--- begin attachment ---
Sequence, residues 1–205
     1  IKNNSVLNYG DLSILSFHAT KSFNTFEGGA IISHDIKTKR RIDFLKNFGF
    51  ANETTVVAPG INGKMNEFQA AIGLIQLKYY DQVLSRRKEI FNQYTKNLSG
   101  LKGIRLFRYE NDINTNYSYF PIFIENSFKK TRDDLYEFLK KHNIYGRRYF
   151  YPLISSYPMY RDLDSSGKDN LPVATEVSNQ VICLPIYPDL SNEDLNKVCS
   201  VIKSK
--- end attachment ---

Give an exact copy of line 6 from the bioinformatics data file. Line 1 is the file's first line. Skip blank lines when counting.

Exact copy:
   201  VIKSK